Retrograde femoral nails for emergency stabilization in multiply injured patients with haemodynamic instability

Sultan Al Maskari, Rahil Muzaffar*, Ahmed Yaseen

*Corresponding author for this work

Research output: Contribution to journalArticlepeer-review

Abstract

Introduction: The purpose of this study is to retrospectively evaluate the immediate effect of retrograde intramedullary femoral nail (RIMFN) fixation technique on patient's hemodynamic status as documented by vital signs (blood pressure and pulse) intraoperatively in all patients with femoral shaft fractures with multiple injuries and hemodynamic instability who were treated with RIMFN at our institution on emergency basis as part of damage control orthopaedics. Patients and methods: A retrospective review of intra operative vital signs obtained from patient records was completed at a Level 1 trauma center in a university hospital. In all, 11 multiply injured patients with (14) femur fractures with hemodynamic instability were identified. Of those, 3 had bilateral femur fractures. Closed reduction and retrograde femoral nailing without proximal locking was performed to achieve immediate skeletal and haemodynamic stability. Pulse rate and BP measurements were noted for all patients starting from the time patient would enter the operating room till the patient was shifted back to the recovery ward. Results: The average cohort age was 28 years (20–36 years). The average Injury Severity Score was 28 (16–50). Statistically significant improvement in pulse rate and blood pressure was noted following femoral fracture fixation with intramedullary nail. No cases of infection or symptomatic fat or pulmonary embolism were encountered. One patient required exchange nailing for non-union and one femur underwent later lengthening. Conclusions: Retrograde Intramedullary femoral nail can be an effective alternative to external fixator as damage control device and is associated with immediate improvement in vital signs (pulse and blood pressure) intra operatively.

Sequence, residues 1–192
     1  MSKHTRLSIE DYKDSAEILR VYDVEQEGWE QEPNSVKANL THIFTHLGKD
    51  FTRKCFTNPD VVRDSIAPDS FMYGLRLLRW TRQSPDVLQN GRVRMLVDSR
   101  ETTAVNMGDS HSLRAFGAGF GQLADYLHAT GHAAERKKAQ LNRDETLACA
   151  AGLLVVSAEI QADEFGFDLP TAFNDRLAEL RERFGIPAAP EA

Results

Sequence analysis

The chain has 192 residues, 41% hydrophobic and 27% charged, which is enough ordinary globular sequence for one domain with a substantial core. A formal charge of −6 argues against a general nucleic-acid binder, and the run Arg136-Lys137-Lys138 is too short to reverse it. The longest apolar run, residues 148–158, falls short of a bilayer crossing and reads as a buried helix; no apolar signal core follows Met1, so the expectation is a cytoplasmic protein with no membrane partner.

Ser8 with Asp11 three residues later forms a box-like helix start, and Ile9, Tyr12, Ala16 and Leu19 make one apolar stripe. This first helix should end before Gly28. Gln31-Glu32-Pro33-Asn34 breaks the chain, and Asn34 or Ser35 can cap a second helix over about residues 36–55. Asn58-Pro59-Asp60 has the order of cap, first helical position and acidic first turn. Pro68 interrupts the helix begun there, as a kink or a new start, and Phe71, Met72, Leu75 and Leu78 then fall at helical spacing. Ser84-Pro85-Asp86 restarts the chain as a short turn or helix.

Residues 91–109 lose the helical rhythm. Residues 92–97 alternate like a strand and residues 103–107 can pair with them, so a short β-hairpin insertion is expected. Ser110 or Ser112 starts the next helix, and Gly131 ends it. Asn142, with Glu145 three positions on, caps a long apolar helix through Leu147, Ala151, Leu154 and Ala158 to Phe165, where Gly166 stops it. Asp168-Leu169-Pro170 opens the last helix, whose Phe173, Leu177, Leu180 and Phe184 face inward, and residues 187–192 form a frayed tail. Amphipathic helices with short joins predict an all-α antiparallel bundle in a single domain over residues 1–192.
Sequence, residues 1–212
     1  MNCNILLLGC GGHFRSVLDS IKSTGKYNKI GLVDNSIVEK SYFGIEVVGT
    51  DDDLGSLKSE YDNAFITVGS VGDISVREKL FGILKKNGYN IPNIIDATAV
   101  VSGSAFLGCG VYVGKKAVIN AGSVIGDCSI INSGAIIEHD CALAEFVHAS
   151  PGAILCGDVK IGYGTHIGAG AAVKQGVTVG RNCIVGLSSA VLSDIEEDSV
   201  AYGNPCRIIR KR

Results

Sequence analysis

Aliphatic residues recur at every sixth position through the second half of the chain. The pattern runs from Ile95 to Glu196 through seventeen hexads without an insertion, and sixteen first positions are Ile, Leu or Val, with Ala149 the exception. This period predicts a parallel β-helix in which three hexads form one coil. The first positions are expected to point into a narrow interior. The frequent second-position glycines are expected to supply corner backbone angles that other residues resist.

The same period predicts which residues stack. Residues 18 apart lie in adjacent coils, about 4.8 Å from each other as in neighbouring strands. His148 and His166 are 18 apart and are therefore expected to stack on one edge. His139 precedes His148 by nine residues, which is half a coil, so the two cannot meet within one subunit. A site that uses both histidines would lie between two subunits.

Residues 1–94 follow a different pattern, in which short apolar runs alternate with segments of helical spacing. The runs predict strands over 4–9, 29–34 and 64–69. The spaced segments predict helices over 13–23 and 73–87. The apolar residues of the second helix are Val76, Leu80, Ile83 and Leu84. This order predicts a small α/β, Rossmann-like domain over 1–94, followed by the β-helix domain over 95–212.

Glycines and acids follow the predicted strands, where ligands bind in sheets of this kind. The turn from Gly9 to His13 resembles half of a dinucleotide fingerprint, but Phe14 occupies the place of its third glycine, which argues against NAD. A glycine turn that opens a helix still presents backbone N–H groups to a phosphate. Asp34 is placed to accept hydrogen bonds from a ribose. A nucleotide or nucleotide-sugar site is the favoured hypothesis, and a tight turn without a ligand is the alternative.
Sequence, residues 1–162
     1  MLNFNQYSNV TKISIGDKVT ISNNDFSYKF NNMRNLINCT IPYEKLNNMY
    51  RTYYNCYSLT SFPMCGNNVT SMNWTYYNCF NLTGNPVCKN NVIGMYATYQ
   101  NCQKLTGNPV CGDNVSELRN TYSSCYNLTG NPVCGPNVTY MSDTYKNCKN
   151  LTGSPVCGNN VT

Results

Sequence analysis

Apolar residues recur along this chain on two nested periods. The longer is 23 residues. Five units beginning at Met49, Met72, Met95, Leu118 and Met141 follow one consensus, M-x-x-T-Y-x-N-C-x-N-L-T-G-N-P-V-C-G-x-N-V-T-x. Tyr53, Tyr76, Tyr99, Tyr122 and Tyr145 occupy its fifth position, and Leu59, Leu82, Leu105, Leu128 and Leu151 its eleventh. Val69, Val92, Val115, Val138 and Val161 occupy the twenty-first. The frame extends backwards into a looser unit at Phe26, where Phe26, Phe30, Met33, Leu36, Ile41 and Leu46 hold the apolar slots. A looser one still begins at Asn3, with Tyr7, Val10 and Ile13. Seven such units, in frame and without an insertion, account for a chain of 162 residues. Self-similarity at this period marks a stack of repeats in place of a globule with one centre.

Original languageEnglish
Article number100350
JournalTrauma Case Reports
Volume29
DOIs
Publication statusPublished - Oct 2020
Externally publishedYes

Keywords

  • Damage control orthopaedics
  • External fixators
  • Femoral shaft fractures
  • Retrograde femoral nails

ASJC Scopus subject areas

  • Emergency Medicine
  • Orthopedics and Sports Medicine
  • Critical Care and Intensive Care Medicine

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